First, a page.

Arundel Castle, dating from 1068, has been the seat of the Duke of Norfolk, head of the powerful Howard family, for over 850 years. The Howards have been soldiers, sailors, poets - and plotters. The Duke of Norfolk is considered the premier duke of England and has the hereditary title of Earl Marshal of England, responsible for major state occasions - such as coronations. The castle was besieged twice in the Civil War (once by each side) and was greatly restored in Victorian times and looks like something from a Hollywood movie. It is famous for its artwork, furnishings, armoury and includes attractive gardens. Not to be missed is the medieval Fitzalan Chapel, the burial place of the Dukes of Norfolk.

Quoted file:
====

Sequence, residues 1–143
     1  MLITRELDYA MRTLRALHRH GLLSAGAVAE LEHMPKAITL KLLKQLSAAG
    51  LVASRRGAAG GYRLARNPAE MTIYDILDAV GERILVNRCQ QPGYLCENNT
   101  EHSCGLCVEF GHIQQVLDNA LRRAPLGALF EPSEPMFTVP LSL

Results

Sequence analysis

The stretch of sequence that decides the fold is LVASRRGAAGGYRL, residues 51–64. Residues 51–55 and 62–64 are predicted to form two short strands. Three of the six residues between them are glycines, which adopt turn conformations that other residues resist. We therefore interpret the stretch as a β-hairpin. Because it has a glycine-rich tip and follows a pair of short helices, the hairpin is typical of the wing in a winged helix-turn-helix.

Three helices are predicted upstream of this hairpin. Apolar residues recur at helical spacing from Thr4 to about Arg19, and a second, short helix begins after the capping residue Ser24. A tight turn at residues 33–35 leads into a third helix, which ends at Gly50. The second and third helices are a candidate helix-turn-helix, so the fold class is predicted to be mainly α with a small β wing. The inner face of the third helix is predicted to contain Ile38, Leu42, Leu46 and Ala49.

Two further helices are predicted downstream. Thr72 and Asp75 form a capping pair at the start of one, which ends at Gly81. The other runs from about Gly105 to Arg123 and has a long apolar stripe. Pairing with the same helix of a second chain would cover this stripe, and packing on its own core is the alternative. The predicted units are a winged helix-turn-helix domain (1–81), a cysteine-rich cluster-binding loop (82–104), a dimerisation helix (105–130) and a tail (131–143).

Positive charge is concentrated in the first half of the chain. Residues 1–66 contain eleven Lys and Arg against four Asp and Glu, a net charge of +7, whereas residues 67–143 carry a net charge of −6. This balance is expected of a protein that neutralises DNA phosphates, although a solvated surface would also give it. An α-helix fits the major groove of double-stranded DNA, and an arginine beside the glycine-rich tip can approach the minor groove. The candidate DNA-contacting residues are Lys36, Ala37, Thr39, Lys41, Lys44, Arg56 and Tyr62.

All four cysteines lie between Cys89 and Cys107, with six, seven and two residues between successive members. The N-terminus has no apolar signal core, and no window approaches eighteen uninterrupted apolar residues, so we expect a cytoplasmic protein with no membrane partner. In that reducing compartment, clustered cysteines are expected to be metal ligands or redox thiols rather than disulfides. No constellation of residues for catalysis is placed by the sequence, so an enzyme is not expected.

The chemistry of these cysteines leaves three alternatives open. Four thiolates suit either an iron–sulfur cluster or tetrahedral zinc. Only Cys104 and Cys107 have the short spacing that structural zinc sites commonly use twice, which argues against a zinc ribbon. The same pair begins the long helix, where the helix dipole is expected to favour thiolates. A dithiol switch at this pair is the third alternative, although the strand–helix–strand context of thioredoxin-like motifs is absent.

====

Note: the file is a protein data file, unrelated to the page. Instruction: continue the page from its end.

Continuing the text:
Ashdown Forest is a 65,000 acre area of Outstanding Natural Beauty 30-or-so miles south of London, near East Grinstead. It was a hunting forest in medieval times but is now largely accessible to the public, with a myriad of walks, open spaces and wonderful views. Though it does contain woodland, most of it is actually heathland, a rare and protected habitat. Its most famous resident was Winnie-the-Pooh.
Oxford University's museum of art and archaeology, with objects dating from 8,000 BC. Particular collections include ancient Egypt, the only Minoan collection in Britain, Anglo Saxon artefacts (including the Alfred Jewel) and contemporary artwork from around the world. The Ashmolean is the oldest public museum in Britain, founded in 1683.